Image Courtesy of doommeer on Flickr
Few things have gotten as much traction in the last year as 3D Printing. I’m no stranger to the trend with the purchase of my own desktop 3D printer last December. Having gotten familiar with this impressive technology, it has become very apparent that many issues have been wildly exaggerated. This was the subject of a recent panel I attended at the General Assemby called “3D Printing, Beyond the Hype.” Here are some of my thoughts and take-aways from the event.
3D Printing is not new.
Did you know that 3D printing (also known as Additive Manufacturing) has been around since the 1980s? It’s not new technology. In fact, the only reason we’ve seen so much about it in the last few years is that several patents on the technology have expired. There other patents expiring in the next year or two that will lead to some other forms of printing becoming available to the public besides the extrusion method that most consumer printers use today. Some new methods will use lasers and UV sensitive material to build objects.
Potential problems associated with 3D printing are over-exagerated.
It turns out that most of the fears that have developed around 3D printing, including printed guns or manufacturing job loss, are some of the most over-inflated issues of the day. On the subject of guns, here are a few facts: plastic printed guns have been made and successfully fired, but pale in comparison to the quality and reusability of real guns or even homemade guns. There is definitely a debate to be had on this issue and I don’t intend to make this post a platform for either side, but it’s worth a look from all angles.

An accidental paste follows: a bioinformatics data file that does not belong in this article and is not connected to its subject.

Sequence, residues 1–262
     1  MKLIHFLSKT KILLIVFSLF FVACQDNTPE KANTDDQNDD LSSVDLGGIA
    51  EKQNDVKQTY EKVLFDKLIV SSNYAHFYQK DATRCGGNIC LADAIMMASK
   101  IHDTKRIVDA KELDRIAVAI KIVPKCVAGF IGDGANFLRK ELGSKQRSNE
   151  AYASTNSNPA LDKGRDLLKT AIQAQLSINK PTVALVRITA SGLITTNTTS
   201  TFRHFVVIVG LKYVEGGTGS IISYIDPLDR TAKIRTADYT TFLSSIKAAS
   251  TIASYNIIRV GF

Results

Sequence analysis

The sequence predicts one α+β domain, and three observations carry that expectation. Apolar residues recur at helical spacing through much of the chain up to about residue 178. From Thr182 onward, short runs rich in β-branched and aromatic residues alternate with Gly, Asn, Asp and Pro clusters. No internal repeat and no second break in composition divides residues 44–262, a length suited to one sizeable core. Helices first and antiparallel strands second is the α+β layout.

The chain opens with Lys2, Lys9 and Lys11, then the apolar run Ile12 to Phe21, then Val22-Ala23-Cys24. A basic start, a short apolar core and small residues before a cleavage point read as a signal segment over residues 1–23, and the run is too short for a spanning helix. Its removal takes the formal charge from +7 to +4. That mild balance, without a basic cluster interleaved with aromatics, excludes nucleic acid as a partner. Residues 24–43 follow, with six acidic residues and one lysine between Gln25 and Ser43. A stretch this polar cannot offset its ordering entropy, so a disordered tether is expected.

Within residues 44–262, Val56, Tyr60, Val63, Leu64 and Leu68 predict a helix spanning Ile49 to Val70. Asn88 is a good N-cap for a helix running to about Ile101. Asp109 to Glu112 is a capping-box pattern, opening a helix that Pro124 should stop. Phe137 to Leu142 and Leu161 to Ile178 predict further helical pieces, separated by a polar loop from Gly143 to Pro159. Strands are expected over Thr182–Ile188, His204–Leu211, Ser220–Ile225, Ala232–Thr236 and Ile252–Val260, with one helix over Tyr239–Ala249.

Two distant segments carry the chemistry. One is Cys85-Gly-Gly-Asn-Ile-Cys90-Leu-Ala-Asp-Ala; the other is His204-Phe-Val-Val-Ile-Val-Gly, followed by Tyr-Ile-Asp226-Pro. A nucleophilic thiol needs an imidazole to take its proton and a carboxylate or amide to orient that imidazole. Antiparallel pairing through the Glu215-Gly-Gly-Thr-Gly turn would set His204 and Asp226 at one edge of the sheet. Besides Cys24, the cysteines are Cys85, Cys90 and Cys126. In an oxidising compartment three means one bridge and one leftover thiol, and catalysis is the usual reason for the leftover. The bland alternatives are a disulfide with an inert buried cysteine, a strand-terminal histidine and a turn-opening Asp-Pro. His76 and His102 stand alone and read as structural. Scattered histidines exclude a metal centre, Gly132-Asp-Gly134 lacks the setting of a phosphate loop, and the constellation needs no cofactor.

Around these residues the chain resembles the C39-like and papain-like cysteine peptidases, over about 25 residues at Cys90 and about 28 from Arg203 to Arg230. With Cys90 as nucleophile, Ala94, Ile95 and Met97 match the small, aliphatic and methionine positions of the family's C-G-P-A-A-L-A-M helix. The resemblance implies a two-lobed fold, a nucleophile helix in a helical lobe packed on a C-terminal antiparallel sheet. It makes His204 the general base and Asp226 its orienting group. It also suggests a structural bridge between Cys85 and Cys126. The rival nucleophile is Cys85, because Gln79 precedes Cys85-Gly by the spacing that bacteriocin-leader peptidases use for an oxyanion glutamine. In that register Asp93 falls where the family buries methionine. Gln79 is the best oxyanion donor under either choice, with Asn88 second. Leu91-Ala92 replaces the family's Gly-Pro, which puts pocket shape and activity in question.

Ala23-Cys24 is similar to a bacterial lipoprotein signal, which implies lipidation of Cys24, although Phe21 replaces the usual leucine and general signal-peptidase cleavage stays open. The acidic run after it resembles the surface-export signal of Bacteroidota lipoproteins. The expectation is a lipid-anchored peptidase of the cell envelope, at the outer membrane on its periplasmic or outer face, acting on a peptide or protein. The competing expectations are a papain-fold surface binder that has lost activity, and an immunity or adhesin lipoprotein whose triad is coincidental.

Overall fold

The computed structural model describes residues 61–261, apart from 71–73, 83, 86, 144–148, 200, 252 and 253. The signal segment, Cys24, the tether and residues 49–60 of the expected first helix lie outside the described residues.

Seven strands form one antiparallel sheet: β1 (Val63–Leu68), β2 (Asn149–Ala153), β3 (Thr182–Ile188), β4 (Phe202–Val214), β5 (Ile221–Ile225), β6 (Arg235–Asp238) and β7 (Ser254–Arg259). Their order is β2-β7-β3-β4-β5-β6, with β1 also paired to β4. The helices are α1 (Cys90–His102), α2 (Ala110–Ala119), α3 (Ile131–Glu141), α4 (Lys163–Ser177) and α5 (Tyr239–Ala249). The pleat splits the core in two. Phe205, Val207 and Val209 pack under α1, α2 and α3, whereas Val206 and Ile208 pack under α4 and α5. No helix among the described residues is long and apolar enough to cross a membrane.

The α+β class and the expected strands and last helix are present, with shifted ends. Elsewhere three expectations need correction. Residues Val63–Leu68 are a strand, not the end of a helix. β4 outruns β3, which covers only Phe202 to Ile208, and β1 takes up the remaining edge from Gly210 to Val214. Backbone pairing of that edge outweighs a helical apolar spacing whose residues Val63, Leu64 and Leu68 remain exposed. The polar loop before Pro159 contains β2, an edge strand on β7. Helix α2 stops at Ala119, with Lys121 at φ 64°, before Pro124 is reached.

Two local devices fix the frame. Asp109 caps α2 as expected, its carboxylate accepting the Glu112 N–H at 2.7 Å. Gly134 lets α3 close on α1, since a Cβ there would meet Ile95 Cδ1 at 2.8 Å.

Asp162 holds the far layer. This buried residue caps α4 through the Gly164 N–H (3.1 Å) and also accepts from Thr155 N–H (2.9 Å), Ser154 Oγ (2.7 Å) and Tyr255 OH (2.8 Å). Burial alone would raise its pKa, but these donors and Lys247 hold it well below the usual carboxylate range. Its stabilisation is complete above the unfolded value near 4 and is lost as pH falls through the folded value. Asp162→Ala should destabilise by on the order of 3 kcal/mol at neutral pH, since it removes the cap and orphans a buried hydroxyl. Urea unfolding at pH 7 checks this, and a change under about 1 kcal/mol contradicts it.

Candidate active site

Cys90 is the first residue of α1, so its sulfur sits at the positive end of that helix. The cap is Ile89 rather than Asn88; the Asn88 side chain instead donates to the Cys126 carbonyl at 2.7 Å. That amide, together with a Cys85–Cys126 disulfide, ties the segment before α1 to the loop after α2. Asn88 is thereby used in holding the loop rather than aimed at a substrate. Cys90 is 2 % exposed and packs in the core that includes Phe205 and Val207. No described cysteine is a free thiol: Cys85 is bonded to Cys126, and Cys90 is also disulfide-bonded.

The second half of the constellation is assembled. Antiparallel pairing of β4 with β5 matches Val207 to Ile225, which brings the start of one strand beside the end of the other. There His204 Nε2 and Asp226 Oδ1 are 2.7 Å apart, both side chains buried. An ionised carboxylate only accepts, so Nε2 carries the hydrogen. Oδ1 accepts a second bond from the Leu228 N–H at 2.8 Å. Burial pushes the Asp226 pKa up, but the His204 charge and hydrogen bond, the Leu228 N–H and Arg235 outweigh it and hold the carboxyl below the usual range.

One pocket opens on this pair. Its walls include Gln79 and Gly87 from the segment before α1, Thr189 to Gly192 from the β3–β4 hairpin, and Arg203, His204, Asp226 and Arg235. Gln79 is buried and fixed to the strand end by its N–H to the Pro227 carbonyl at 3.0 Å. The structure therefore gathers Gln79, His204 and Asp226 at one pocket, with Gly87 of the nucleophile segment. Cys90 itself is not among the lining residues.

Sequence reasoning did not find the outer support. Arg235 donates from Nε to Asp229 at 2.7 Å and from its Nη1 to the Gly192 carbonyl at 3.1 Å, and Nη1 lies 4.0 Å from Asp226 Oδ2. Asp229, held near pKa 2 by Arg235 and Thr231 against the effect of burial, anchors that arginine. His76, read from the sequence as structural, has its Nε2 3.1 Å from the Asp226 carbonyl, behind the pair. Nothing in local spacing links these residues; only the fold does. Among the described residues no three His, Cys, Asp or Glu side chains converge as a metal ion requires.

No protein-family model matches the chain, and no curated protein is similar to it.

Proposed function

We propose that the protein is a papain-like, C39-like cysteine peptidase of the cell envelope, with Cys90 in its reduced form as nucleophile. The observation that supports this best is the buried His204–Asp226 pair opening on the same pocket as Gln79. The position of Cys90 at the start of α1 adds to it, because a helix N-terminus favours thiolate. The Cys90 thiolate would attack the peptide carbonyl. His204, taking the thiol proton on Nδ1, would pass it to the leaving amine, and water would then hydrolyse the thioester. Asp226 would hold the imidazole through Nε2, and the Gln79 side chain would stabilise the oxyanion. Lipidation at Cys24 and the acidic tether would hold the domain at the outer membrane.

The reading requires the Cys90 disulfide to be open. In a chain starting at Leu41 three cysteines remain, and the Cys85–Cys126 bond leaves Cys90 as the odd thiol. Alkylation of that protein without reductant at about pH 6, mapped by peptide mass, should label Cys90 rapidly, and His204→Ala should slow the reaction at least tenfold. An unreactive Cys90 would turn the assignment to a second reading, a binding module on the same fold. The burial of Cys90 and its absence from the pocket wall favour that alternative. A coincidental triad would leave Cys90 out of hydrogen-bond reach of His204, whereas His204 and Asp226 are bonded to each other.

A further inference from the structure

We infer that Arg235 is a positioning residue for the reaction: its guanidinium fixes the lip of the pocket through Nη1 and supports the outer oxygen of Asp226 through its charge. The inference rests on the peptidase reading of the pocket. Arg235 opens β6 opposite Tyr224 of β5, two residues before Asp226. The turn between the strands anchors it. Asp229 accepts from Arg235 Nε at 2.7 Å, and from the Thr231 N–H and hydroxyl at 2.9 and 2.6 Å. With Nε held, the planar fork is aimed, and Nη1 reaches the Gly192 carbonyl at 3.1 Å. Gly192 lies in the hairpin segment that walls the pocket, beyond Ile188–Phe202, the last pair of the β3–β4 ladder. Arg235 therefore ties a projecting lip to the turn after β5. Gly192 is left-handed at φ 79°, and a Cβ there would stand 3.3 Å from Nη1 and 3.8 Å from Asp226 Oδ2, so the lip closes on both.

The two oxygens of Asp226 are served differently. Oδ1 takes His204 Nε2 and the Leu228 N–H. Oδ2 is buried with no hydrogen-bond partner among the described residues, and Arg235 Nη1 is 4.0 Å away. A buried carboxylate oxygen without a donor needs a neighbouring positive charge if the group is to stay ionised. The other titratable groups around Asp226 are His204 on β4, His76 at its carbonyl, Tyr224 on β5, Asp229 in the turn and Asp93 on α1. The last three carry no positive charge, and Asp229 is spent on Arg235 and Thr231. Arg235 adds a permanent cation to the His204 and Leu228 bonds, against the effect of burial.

Let’s look to a more economic issue, like these printing bots taking jobs away from humans. We’ve certainly seen this happen in movies and even, to a certain extent, in real life. Just check out the show “How It’s Made” and you’ll see what I mean. Be that as it may, 3D printing has not gotten to the point where people will be in danger of losing their jobs. One of the big reasons is that this technology is still best for rapid-prototyping, not full-scale assembly line manufacturing. In almost all cases, printing can only build with one or very few materials at a time. Also, it can’t reliably combine multiple components with multiple materials. Think of the phone in your pocket. It’s likely made up of dozens of materials and maybe even tens or hundreds of individual components. Maybe as the technology advances in the future these issues will be more pressing, but based on the evidence right now, it’s not worth it to panic.
On the more optimistic side, there is great potential innovation in additive manufacturing.
With the ability to make quick iterations on a physical design, designers are able to evolve an idea from a concept to a tangible, efficient working product. Designers are also able to build off of other designers’ work to introduce new ideas into an object to make it better. Along with this open designing, the tools to create 3D objects have gotten more intuitive and are allowing more people to take an active role in the designing process. Forget the 3D CAD programs that cost thousands of dollars. There are now several low/no cost options like the 3D application Blender or the web browser-based Tinkercad. Another great contribution of 3D printing is the fact that designs can get more complex without raising the cost. The only variable that ends up effecting cost is the amount of material used or the volume of the object. This opens up the possibilities for designs that were never feasible with more traditional forms of manufacturing.
Overall, I see a very positive future with 3D printing across a broad set of industries. There will be times where we’ll have to examine the technology more closely and make some tough decisions, but at the end of the day we can all say that we were there at the beginning of a modern-day technological revolution.
Where do you see 3D printing going? Are you excited or terrified by it? Drop us a line below.
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